Upon discovering there are four DragonHeart sequels, TV-VCR will be reviewing one a day until we’ve seen them all.
DragonHeart 3: The Sorcerer’s Curse (2015)
The inexplicable second straight-to-video sequel to 1996’s DragonHeart, DragonHeart 3: The Sorcerer’s Course continues the franchise’s rich tradition of being unremarkably sub-mediocre. It’s kind of bad though not really enough to talk about, but since I’ve committed to this five-part conversation, here we go.
The first DragonHeart was an irretrievably dumb Hollywood production that looked immediately dated. Its follow-up, A New Beginning reinvented the franchise as a straightforward, cheap-as-dirt kiddie movie that looked like a ‘90s video game cutscene. The Sorceror’s Curse again shifts gears to give us DragonHeart as a Syfy pilot that doesn’t deserve an order.
The third entry is a vastly more competent effort than its predecessor, but it still maintains the series’ commitment to looking like dog shit in its own way. This one’s filtered into muddy oblivion and frequently underexposed into obscurity, but two decades removed from the original, at least the dragon again looks as acceptably unconvincing as it used to. For a straight-to-video DragonHeart sequel, the CGI is honestly pretty great.
DragonHeart 3 was announced back in 2014, and it couldn’t more perfectly embody that brief era when everyone was trying to make the next Game of Thrones. (Hey, remember The Shannara Chronicles?) Brazenly, the film sees an oft-shirtless, sword-wielding hunk journey north of The Wall, form a contentious romance with a Scottish, bow-sporting, ginger Wildling (technically and historically a “Pict” here), befriend a scholarly dope, form a rare blood-bond with a dragon, and takes down said wall’s cruel commander to himself take the position. This movie is Jon Snow’s CliffsNotes.
Starring English actor Julian Morris, the sequel daringly disrupts the DragonHeart tradition of its lead having an out-of-place American accent for absolutely no reason. But it does return to the franchise’s other vocal staple: forcing an iconic, knighted, Academy Award-winning actor to say some crap dialogue as a CGI lizard. This time Universal sprung for Sir Ben Kingsley! Thanks to the titular curse, Kingsley isn’t even forced to say all that much, though: the spell—cast in literally the first scene with the dragon—renders Kingsley’s Drago powerless and rarely seen by day, which is also pretty convenient for cutting how much money had to be spent on these improved visual effects.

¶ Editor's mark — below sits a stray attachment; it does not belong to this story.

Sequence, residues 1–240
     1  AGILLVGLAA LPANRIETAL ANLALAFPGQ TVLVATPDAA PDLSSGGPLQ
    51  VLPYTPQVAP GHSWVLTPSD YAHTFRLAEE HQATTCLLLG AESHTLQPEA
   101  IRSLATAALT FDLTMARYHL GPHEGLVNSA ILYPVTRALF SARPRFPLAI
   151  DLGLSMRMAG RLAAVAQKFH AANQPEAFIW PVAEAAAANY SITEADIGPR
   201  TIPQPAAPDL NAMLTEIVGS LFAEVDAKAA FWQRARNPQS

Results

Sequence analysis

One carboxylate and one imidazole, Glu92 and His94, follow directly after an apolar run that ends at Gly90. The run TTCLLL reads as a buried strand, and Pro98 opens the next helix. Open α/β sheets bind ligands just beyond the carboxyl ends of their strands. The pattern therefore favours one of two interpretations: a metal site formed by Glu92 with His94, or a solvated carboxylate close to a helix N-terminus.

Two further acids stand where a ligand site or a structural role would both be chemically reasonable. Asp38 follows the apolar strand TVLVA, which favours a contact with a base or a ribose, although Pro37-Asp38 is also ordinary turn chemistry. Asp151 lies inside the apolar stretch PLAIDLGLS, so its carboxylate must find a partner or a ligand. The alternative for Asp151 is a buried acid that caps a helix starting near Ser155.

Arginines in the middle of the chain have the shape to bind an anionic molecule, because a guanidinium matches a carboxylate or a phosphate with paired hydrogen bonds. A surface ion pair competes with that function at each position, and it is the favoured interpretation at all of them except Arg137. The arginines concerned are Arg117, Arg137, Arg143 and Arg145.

It’s handy to look at the DragonHeart series like the Bible—a collection of sacred texts from different authors, each adding new, completely batshit nonsense to the larger, often disconnected story. The first saw Draco, our Christ dragon, sacrifice himself for mankind. That book gave us the now commonplace beliefs that dragons can plop half their heart into a man to unite their bodies in life and death; and that when dragons die, they dissolve into a piss-colored mist, waft into the stars, and become a part of the Draco constellation, which then explodes into even more stars. Amen.
A New Beginning was clearly the second coming, the egg of Draco reborn as Drake. This scripture brought us the revelation that a two-tailed comet is prophetic of coming evil; that dragons can also spit ice; and that if a dude shoves an entire dragon heart into his chest, he can apparently morph into a man-sized dragon. Hallelujah.
The Sorcerer’s Curse is Old Testament, the prequel bringing with it the ancient knowledge of how dragon eggs can alternately be used as grenades. Also, if you’re one of the lucky dragon-hearted, you can use shadows like portals, jumping into one and emerging from another. May bullshit be with you—and also with you.
Surprisingly, this one was probably the most even, less-conspicuously poor of the three. Can’t say it was really any more or less enjoyable for it, though. Another C-. Looking back with the clarity of going two days without watching a DragonHeart movie, A New Beginning probably deserves a harsher grade, but whatever. Like the series itself, we’ll just let the bad ideas continue to pile up.